I’m a huge fan of Leo Laporte and TWiT. Lately, Laporte has been catching some heat on his shows for defending Google. In episode 237 of This Week in Google (TWiG), Leo and his panel discussed the growing animosity towards Google. In the most recent episode of TWiT, and reiterated on TWiG, Leo argues that Google is quite forward with their policies. You know that if you use Google products, they are using your information to target ads to you. The more they know about you, the more Google can provide you with a better experience.
Google knows where you are based on the GPS in your Android phone. Google knows what your voice sounds like from the “OK, Google” voice commands delivered via your phone or Glass. Google sifts through your GMail to pull out boarding passes for flights, appointment times so that Google Now can tell you when to leave based on location and traffic patterns, and even what you like to watch based on your YouTube viewing habits. All of this helps the former-search-now-everything giant better know you and deliver a genuinely unique experience when using their ecosystem.
To the end that Google seems to be quite transparent about what they do with your information, I completely agree with Laporte. However, the information isn’t why I feel Google is becoming more “evil” by the day. It is Google’s desire to control everything. Jeff Jarvis just rolled his eyes, but hear me out.
I don’t care if they want to buy Nest and know what the temperature is in my house. I don’t care if they can track me with GPS. I don’t care if they know what my emails say. Do I find it weird that one company wants to be in all of these different businesses? A little. But what concerns me most is Google’s refusal to play nice with other companies. I’m the 3% – I am a Windows Phone user. When Google planned to remove ActiveSync support from GMail was when I cut over to Outlook.com.
Google is slowly dragging you to their platform, as if their services aren’t enough. They are doing this by refusing to offer apps on other platforms. Don’t believe me? Look at the Windows Phone app store. See the picture above? The Google Search app is the ONLY app published by Google, Inc. I know, some of you are already asking “what’s the point of supporting Windows Phone?” But let’s be serious, rather than just ragging on a phone OS with small (but growing) market share. Why wouldn’t Google want their apps to be ubiquitous?
There is no GMail app. The phone can be configured to use IMAP and work quite well, but even Android itself separates the “Mail” app from the GMail app on their own Android platform. They offer a matching app on iOS. Why not offer a premium experience on any platform? Apple forcibly removed Google Maps from iOS, why not bring it to Windows Phone? Google has made the move to kill off support for 3rd party Google Voice apps, leaving those of us with MetroTalk out in the cold, despite not offering a full-featured solution on the Windows Phone platform.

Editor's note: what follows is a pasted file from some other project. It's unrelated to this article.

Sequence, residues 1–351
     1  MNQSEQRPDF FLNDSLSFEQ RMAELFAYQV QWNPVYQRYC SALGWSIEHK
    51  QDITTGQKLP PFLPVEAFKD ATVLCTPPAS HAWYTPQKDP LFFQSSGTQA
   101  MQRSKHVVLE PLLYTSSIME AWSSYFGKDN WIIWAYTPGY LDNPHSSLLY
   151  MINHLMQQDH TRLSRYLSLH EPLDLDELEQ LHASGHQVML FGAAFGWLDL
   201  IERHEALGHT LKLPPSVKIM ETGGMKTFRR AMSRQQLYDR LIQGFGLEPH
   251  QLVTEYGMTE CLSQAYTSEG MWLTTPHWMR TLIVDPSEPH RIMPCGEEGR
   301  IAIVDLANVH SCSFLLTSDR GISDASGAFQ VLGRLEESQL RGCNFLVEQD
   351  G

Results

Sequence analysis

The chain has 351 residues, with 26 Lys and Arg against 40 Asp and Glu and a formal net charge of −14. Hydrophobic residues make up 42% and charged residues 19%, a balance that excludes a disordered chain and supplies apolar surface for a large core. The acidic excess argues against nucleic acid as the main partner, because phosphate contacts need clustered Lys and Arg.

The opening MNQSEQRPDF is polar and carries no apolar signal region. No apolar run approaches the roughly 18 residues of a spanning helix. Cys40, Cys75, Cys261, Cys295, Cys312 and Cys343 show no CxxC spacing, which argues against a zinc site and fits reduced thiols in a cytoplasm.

Meanwhile, Microsoft offers a host of apps on Android. From OneDrive, to Office Mobile for Office 365, to Lync, to a full-featured Remote Desktop app, and a stand alone Bing app, for those interested. Even Xbox Music has made an appearance – but can I get Google Play Music for Windows Phone? No.
It isn’t what Google is doing with my data – I’d happily hand over more than they want to know! But I don’t have the option, unless I want to abandon my preferred user experience. There are a few of us crazies who like Windows Phone, and even Windows 8.1, how long is it until only Android and Chromebook users are allowed to access Google’s services? Google spent years making web-apps with the goal of being platform agnostic, but lately they seem to be creating a walled garden, with the sole intention of making outsiders jealous.
In this week’s TWiG, Gina Trapani agreed with Leo that there does seem to be a movement among “normal people” that Google is getting so big it’s scary. Leo thinks it may be a “drum beat” possibly relating to the fear of geek culture, as has been discussed before on his shows. But, in my experience, it’s the geeks leading this charge. Google might not be evil, yet, but their “don’t be evil” mantra can only help but become a whisper. As they dip their fingers in more and more industries, people are going to become increasingly cynical and wonder what their goals are. Their smartest move is to head users off at the pass and explain to the public what some more of their long term goals are for the company at large. It would put a lot of minds, including mine, at ease.